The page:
Bonn Planners for the city are to design a new, beautiful riverside promenade for Bonn. As soon as the reconstruction starts, cars will be banned from the section between the Opera House and the street Zweiter Fährgasse.
In the future, the street along the Rhine between the Opera House and Zweiter Fährgasse will be closed to through traffic. The council coalition comprised of the Greens, SPD, Left party and Volt pushed through this motion on Thursday evening in the main committee meeting. The CDU, FDP and Bürger Bund Bonn (BBB) voted against the measure, warning of impending traffic jams.
As reported, the city is holding a competition to design a new "Rhine bank promenade" near the city center. Similar to Cologne or Remagen, the city is to be better connected to the river, and the riverbank area is to become more attractive for walkers and cyclists. The project, earmarked for twelve million euros, is to be realized in two construction phases starting at the end of 2023. The city administration has developed an initial traffic concept for the project, envisaging cars to drive only in a southerly direction from Rheingasse. "This one-way arrangement takes into account the retention of the bridge bypass and the ensuing load distribution of traffic on Rheingasse and Brassertufer/Rathenauufer, especially in order not to overload the left-turning southbound Rheingasse onto Belderberg Street," the city writes.
But the coalition does not go along with this. It believes that between Rheingasse and Zweiter Fährgasse, only special traffic (e.g. delivery vehicles, local residents, cabs) should be allowed at walking tempo. In this way, "the entire Rhine bank can be redesigned at the same level”, offering an attractive place for residents to linger. ”The new riverside promenade will only become more attractive if we push back car traffic," SPD faction leader Angelika Esch emphasized at the meeting. That had also been the wish of many participants in the citizens' survey on the project.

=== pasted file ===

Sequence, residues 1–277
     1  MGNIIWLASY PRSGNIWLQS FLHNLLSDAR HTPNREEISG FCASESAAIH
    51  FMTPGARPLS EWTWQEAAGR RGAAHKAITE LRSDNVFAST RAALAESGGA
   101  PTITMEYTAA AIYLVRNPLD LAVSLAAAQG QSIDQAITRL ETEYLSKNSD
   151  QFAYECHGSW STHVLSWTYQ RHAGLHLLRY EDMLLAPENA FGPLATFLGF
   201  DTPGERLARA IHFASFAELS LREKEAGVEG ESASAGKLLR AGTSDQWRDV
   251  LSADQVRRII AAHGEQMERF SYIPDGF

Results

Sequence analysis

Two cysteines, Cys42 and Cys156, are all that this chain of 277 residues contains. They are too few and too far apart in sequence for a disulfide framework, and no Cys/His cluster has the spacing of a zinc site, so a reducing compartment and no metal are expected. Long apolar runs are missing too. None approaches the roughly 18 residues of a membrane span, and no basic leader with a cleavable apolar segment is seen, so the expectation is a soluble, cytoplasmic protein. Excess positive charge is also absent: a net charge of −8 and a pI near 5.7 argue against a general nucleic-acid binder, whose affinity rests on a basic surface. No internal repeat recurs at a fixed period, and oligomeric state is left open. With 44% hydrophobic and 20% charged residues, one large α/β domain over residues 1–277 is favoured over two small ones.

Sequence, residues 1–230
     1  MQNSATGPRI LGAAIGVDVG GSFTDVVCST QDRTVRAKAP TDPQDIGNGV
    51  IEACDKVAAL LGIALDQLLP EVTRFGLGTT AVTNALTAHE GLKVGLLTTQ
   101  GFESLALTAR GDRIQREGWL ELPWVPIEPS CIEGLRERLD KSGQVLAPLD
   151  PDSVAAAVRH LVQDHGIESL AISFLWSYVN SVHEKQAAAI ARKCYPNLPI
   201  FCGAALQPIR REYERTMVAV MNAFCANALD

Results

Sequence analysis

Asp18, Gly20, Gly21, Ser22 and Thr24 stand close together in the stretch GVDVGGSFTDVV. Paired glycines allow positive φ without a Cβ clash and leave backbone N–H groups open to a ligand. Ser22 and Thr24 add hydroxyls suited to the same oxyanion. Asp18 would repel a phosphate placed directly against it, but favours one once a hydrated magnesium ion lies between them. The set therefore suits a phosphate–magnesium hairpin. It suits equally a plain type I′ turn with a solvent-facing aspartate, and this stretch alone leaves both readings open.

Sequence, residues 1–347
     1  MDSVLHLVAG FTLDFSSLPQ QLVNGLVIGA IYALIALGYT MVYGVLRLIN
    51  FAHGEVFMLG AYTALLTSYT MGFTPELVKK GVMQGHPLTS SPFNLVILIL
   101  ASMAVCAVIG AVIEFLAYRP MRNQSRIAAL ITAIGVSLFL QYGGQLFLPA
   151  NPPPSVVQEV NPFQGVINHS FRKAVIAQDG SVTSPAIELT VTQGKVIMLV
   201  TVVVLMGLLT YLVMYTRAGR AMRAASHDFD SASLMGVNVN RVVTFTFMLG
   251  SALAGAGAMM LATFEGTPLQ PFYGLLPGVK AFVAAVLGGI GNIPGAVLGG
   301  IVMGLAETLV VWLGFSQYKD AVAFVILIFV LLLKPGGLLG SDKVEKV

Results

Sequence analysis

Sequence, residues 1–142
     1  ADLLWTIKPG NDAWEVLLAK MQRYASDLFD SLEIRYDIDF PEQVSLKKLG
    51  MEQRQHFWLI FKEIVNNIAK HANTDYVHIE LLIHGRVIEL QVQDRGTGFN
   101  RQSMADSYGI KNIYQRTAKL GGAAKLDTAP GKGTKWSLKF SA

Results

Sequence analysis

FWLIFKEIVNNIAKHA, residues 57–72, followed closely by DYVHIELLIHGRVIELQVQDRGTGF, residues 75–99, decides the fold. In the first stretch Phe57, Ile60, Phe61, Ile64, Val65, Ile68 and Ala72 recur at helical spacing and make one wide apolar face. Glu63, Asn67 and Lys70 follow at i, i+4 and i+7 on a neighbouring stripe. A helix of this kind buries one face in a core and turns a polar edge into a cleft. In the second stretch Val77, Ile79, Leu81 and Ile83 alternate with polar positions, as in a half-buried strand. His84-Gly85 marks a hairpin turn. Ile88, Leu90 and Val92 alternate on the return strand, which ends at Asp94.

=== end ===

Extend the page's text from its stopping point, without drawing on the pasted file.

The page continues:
The opposition shares the goal of making it more attractive, but considers the Rhine embankment an important alternative route when there is congestion on the Adenauerallee. The administration, which is planning a trial run of the traffic adjustment, also urged caution. It is true that they want to keep cars away from the Rhine as much as possible, said Petra Denny, head of the city planning office. But, "Since we can't yet make an assessment of the traffic impact, we suggest having a reserve area as an option in case there's traffic disruptions in the surrounding streets." Traffic could be routed along there if necessary.
However, the coalition did not agree to this. To rule out such a compromise before the start of the competition was criticized by Guido Déus, chairman of the CDU parliamentary group, as "irresponsible". It meant that they had already accepted that heavy traffic jams might form at the Koblenzer gate and elsewhere. Together with the planned capping of the City Ring, this would have an impact on the entire city center, predicted Achim Schröder (FDP). If the calculation is to persuade motorists to switch to buses and trams, that will fail. "We don't need an alternative route on the banks of the Rhine, nor do we need a one-way street," countered Rolf Beu (Greens).
(Orig. text: Andreas Baumann, Translation: Carol Kloeppel)